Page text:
She was born in Topeka, Kansas, but when she was six weeks old, her family moved to Chicago where she grew up. Although Gwendolyn Brooks also wrote a novel (Maud Martha, 1953) an autobiography and some other prose works, she was noted primarily as a poet. Her 1949 book of poetry, Annie Allen, received a Pulitzer Prize in 1950, the first won by an African American. In 1968, she was made Poet Laureate of Illinois. Brooks was awarded more than 75 honorary degrees from colleges and universities worldwide.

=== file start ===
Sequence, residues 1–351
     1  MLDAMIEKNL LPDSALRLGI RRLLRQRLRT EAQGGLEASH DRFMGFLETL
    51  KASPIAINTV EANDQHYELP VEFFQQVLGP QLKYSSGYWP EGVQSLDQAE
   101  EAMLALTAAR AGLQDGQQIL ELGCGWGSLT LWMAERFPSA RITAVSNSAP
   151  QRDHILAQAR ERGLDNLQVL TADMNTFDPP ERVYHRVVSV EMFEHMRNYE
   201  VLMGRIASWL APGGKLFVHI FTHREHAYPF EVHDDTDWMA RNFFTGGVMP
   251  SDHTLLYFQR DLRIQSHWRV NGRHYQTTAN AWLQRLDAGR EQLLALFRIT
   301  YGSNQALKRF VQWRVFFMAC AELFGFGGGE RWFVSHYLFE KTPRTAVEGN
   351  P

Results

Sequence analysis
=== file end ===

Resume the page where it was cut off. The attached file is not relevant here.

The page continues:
Her poetry is rooted in the poor and mostly African American South Side of Chicago. She initially published her poetry as a columnist for the Chicago Defender, an African American newspaper. Although her poems range in style from traditional ballads and sonnets to using blues rhythms in free verse, her characters are often drawn from the poor inner city.

Brooks' view of the art of poetry stated that to create "bigness" you don't have to create an epic. "Bigness," said Brooks "can be found in a little haiku, five syllables, seven syllables."

Gwendolyn Brooks